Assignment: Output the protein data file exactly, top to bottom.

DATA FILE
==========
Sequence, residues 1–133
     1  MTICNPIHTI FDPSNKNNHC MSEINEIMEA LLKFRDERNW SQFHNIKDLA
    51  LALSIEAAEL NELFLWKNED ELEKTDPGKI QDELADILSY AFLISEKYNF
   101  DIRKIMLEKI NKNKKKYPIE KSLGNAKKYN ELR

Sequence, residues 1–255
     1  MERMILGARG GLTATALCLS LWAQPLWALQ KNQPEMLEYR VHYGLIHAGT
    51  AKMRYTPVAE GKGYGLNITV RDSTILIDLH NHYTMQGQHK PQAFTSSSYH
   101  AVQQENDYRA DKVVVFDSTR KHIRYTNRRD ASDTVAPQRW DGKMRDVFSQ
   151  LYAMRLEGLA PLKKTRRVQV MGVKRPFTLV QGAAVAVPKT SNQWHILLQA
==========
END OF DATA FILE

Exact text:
Sequence, residues 1–133
     1  MTICNPIHTI FDPSNKNNHC MSEINEIMEA LLKFRDERNW SQFHNIKDLA
    51  LALSIEAAEL NELFLWKNED ELEKTDPGKI QDELADILSY AFLISEKYNF
   101  DIRKIMLEKI NKNKKKYPIE KSLGNAKKYN ELR

Sequence, residues 1–255
     1  MERMILGARG GLTATALCLS LWAQPLWALQ KNQPEMLEYR VHYGLIHAGT
    51  AKMRYTPVAE GKGYGLNITV RDSTILIDLH NHYTMQGQHK PQAFTSSSYH
   101  AVQQENDYRA DKVVVFDSTR KHIRYTNRRD ASDTVAPQRW DGKMRDVFSQ
   151  LYAMRLEGLA PLKKTRRVQV MGVKRPFTLV QGAAVAVPKT SNQWHILLQA